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Hand Crafted Gourd Pyrography

Debbie Martinez-Rambeau is a Yaqui gourd pyrography artist. Her people have traditionally used gourds for centuries as drums, rattles, and containers. As a gourd artist in Los Angeles, California, her handcrafted art has an inspiring beauty that draws from a variety of influences, including Old World, historical references, and natural elements. As a traditional bead worker and basket weaver she has incorporated traditional southwest and modern designs by burning them into the outer gourd shell. Debbie has developed a unique burning style for her designs which resembles black pottery along with a wide range of various finishes to help turn your home decor from ordinary into the extraordinary.

Jared Buffalo Gourd Art

The Process

She then inlays and enhances her artwork by using bead work, silver work, bones, stones, shells, or other traditional embellishments. A variety of materials are used for color such as dyes, earth clays, milk paint, natural dyes, wood stains, and inks and each piece is finished with various polishes, enamels or acrylics.

National Recognition

Debbie has achieved national acclaim and recognition for her pieces. Her works are in numerous public and private collections and can be seen in many galleries, pow wows, and museums in the United States and abroad.  She is contracted to sell with the Western National Park Association, and is one of 40 American Indian Artist who was invited to sell at the 2012 First Nations Presidential Inaugural Ball. Debbie's artwork is also published in The Gourd Art Book. She has chosen to work primarily with gourds as her main artistic expression since 1987. 

A Message From Debbie

My business was founded in 1994 when I decided to "go public" with my gourd art. Response was immediately overwhelming. Starting with my first show, the Southern California Indian Center Pow Wow in Orange County, the year of the Olympics in Los Angeles, which put me on the map with pieces throughout the world, private collections, museums, and galleries nationwide and the world has since purchased my pieces.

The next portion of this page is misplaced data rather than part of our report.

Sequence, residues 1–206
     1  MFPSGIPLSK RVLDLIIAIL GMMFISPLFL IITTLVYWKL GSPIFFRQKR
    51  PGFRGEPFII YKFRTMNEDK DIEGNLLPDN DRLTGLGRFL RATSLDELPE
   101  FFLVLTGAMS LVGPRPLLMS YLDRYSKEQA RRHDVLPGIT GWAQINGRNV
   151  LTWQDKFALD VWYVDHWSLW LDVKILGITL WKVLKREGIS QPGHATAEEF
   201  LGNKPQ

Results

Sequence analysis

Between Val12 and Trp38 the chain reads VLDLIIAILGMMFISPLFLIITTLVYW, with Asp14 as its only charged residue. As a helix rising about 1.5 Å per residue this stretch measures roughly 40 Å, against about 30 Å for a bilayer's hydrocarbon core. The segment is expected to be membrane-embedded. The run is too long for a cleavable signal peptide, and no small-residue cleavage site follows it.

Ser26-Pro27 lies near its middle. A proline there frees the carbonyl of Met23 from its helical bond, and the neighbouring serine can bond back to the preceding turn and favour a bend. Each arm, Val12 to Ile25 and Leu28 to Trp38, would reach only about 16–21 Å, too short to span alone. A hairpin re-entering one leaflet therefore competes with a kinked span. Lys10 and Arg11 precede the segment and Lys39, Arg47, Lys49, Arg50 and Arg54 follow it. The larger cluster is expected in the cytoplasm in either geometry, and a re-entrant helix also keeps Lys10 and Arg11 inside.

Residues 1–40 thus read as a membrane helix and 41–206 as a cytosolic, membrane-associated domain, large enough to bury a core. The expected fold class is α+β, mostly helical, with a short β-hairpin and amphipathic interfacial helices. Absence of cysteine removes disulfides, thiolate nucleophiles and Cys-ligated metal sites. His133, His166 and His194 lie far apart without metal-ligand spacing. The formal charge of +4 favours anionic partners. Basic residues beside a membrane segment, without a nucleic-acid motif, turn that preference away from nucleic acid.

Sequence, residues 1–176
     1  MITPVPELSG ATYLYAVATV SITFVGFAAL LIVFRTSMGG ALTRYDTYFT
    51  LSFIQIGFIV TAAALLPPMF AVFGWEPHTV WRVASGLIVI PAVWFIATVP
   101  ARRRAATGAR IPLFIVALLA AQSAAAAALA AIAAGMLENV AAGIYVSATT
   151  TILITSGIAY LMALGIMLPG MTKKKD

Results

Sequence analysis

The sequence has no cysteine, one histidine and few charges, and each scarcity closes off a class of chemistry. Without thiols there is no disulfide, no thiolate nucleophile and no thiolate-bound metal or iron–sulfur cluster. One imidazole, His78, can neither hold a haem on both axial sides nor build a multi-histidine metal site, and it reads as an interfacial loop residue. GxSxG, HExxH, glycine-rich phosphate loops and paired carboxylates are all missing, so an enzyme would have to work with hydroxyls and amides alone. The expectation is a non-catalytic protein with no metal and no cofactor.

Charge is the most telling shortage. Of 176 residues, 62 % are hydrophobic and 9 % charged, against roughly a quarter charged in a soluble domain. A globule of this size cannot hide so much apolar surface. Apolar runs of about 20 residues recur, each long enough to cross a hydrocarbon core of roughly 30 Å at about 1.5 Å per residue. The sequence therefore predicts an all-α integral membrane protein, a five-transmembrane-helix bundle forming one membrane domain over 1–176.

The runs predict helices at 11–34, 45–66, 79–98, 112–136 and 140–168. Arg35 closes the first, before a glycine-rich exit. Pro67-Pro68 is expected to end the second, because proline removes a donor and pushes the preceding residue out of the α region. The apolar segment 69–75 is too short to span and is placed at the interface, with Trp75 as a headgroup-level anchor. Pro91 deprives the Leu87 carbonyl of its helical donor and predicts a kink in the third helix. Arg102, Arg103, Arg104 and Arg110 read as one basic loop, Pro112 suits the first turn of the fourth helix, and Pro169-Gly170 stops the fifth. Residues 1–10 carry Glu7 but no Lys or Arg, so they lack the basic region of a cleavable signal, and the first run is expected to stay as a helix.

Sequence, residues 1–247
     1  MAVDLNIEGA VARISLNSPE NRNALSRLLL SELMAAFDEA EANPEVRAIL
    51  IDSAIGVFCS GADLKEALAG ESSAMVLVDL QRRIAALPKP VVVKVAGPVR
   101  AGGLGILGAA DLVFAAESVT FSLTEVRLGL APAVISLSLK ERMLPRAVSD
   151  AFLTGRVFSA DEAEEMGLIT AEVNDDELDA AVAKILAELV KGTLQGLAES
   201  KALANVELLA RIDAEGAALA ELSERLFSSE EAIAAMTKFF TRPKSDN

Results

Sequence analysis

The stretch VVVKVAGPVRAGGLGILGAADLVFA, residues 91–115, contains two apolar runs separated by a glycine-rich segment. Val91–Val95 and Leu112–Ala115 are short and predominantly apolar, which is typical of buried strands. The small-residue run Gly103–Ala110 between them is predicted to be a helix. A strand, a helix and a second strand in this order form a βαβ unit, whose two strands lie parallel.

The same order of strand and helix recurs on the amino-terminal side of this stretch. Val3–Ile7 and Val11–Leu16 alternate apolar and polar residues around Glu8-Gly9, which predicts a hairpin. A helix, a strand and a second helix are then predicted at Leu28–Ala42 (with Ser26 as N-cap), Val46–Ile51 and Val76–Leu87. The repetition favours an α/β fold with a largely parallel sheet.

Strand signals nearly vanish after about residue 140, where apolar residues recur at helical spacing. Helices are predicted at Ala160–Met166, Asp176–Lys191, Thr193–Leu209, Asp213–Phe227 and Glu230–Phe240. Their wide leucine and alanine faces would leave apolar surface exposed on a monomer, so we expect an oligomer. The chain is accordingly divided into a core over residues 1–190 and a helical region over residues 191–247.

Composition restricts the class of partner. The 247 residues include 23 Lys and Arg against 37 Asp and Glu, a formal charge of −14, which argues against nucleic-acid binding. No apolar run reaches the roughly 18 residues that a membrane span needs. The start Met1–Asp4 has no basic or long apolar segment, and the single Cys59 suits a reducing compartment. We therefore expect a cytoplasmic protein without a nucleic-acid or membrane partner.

I feel a completeness; a sense of self as a Yaqui and Chicana when working with gourds, silver, shells, stones, and beads. Perhaps it's the circular shapes, the archetypal circles that reflect the endless exploration of what my materials give back to me as I design them.

Debbie Martinez-Rambeau

Certainly, the gourds, turquoise and beads tell me of my origins as a Yaqui and teach me to understand and appreciate my past traditions. Traditions which are given new birth with each gourd I complete.

I take enormous pride in creating gourd art and hope that you'll find something in my catalog that you like. I look forward to doing business with you.

Grandkids Gourds

Jared is 19, Eric is 15, and Ava is 13 and they are all young gourd artists. Each of them started when they were 5 years old and were capable of safely handling cutting tools, saws, drills, and burning tools. Their work is in various galleries, stores, homes, and with southwest collectors. Each of them has sold pieces at Santa Fe Indian Market, powwows and various Indian markets. They continue with the same motifs from the southwest and have all learned each of the same techniques from their Ti'ina Debbie. They are serious and creative gourd artists. They have each studied art privately through the Renaissance Art School in Northridge, California. Eric also works with his Great Grandfather, Gregg and has learned how to create  jewelry pieces, necklaces, bracelets, and rings with sterling silver and copper. He also whittles branches and inlays stones into walking sticks and canes.

Jared TrepepiEric TrepepiAva Trepepi

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